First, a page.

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Architecture and logic of the eukaryotic cell cycle

Final Report Summary - SYNTHECYCLE (Architecture and logic of the eukaryotic cell cycle)

Cell proliferation is at the heart of the biology of living organisms, playing a key role during development and in adult tissues. De-regulation of cell cycle progression is associated with the development of a number of pathologies and in particular cancer. The essential regulators of this process are conserved from yeast to human, and deciphering the mechanisms of cell proliferation is therefore a key endeavour for our understanding of this essential process. Surprisingly, while the regulation of cell cycle progression has been the focus of intense investigation over the years, many aspects of this essential process remain unexplored and difficult to assess. This is notably due to the complexity of the cell cycle networks, which makes it challenging to extract the core principles that sustain the proliferation of eukaryotic cells. In our studies, we have taken advantage of a synthetic approach to cell cycle control in a genetically amenable model, the fission yeast Schizosaccharomyces pombe. We have engineered simplified yeast strains harbouring externally regulatable cell cycle control circuits and developed unconventional technologies to investigate previously inaccessible features of cell cycle control. Our studies have revealed novel aspects of 1) the mechanisms underlying cell proliferation, 2) the links between cell physiology and the architecture of the cell cycle network and 3) how cells adapt and evolve in response to challenges to their proliferation.

A first aim of our studies focused on how the temporal activity profile of the cyclin-dependent protein kinase (CDK), the major regulator of cell proliferation in eukaryotes, shapes cell proliferation. One question that we addressed is the mechanism by which cells deal with the variability that is inherent to any biological process, in our case cell division. We demonstrated that the CDK pattern defines the sensitivity of cell to noise in the CDK signal. This novel model provides a rationale for the way cells regulate CDK activity to promote robustness in cell proliferation. In a second part, we have investigated the fundamental reasons for the complexity in cell cycle control that is observed in all eukaryotes, building on the initial observation that our simplified cells are indistinguishable from normal cells for their growth and division. Strikingly, we found a link between the regulation of cell proliferation and cellular aging. Indeed, we revealed that the removal of parts of the control system, which seemed to have no particular effects on cellular physiology, changes the way these cells age, and we investigated the mechanisms underlying these changes. This work unravelled a new and unexpected function for the organisation of the intricate network that regulates the cell cycle. Finally, we asked whether and how cells might overcome challenges to their proliferation in the context of a simplified cell cycle network. We performed experimental evolution assays using cells operating with an artificial and impaired cell cycle, maintaining them in various conditions over hundreds of generations. This led to the emergence of evolved clones that have overcome their cell cycle defect. Our results identified novel and unanticipated regulators of the cell cycle and revealed alternative pathways that cells can employ to adapt and evolve..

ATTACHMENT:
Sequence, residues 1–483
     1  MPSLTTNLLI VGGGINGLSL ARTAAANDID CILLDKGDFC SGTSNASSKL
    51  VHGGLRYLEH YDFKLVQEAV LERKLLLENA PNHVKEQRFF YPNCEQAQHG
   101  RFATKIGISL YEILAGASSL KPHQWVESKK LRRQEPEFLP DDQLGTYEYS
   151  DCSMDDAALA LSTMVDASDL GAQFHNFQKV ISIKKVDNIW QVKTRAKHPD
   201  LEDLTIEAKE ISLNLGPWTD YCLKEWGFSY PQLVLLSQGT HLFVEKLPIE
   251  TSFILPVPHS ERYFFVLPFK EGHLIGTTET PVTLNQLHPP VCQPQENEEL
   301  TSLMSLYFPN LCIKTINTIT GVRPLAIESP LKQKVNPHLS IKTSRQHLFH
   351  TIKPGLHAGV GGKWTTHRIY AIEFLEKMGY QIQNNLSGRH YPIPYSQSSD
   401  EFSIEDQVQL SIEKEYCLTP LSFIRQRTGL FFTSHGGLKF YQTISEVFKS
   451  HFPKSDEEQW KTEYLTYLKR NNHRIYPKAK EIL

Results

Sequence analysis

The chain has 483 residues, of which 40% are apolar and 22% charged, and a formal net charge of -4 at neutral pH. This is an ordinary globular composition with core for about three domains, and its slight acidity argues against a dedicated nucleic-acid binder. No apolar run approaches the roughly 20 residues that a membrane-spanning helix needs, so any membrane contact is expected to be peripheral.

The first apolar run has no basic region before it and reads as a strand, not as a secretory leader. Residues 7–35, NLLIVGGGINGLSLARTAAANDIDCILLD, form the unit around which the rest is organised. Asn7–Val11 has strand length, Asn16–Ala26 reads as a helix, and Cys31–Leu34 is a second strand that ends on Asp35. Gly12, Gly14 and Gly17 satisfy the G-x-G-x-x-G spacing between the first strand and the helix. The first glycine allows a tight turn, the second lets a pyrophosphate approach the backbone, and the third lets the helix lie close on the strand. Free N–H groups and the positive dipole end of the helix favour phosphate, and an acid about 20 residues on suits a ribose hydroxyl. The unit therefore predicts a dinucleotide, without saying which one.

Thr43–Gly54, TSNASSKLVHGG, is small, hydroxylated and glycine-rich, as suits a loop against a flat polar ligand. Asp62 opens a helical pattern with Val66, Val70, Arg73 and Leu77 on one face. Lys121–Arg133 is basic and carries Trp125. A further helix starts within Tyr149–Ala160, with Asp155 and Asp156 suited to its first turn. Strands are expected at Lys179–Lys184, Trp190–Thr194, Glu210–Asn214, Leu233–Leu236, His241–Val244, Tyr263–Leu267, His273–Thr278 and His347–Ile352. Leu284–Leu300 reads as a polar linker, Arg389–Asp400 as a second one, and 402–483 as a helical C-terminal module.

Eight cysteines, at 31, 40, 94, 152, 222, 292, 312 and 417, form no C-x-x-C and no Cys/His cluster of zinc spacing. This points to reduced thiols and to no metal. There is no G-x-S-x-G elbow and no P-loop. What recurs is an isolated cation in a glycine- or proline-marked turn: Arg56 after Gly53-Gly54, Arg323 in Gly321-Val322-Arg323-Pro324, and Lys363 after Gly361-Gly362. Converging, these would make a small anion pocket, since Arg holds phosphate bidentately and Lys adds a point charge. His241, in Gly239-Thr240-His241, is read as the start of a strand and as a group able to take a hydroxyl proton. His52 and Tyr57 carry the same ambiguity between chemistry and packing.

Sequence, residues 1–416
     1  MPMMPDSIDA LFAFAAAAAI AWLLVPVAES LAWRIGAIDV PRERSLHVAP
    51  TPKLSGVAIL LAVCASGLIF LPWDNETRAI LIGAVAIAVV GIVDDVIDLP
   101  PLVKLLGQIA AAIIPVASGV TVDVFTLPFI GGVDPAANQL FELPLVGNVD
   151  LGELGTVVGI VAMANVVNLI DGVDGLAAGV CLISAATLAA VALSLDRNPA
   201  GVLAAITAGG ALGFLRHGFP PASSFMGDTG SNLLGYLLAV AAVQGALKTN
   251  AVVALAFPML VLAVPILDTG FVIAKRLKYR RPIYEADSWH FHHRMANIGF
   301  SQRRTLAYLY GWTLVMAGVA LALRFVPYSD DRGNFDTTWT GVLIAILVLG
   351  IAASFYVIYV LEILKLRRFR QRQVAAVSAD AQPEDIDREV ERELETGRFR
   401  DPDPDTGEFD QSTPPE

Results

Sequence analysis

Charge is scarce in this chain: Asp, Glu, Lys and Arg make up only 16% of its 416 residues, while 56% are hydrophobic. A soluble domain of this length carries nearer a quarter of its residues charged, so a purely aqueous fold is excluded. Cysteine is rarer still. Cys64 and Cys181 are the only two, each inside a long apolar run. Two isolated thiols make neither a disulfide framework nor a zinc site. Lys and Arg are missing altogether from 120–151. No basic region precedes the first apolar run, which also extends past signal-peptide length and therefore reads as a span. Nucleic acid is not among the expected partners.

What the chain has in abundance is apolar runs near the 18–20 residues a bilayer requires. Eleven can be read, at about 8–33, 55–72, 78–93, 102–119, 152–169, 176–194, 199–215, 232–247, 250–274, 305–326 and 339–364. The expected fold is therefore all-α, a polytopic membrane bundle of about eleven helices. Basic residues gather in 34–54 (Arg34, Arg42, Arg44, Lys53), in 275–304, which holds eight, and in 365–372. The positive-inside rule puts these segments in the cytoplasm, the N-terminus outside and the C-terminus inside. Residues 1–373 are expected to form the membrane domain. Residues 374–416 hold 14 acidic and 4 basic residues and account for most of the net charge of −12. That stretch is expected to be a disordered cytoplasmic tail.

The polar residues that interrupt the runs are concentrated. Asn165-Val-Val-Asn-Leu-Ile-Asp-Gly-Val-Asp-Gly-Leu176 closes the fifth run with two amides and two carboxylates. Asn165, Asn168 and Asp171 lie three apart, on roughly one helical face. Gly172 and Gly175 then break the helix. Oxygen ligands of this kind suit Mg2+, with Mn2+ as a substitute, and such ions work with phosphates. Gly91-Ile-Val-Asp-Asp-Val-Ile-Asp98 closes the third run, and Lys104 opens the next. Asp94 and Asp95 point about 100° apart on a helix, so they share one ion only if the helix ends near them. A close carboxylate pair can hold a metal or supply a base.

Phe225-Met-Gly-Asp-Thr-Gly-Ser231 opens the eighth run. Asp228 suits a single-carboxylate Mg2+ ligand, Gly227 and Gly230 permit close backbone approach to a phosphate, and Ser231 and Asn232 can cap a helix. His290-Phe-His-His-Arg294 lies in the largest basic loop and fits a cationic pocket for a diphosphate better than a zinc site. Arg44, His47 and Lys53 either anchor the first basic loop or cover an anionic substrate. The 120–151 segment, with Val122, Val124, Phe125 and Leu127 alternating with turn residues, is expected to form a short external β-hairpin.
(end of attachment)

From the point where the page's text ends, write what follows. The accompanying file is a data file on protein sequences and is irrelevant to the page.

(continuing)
Our project has therefore addressed a broad range of phenomena and mechanisms closely associated with the way the cell cycle is controlled in eukaryotes. Our unique approach, based on the engineering of minimal and controllable cell cycle networks in living yeast cells, has allowed us to explore areas of cell cycle regulation that could not be studied with conventional strategies and to reveal unanticipated aspects of the regulation and evolution of cell proliferation.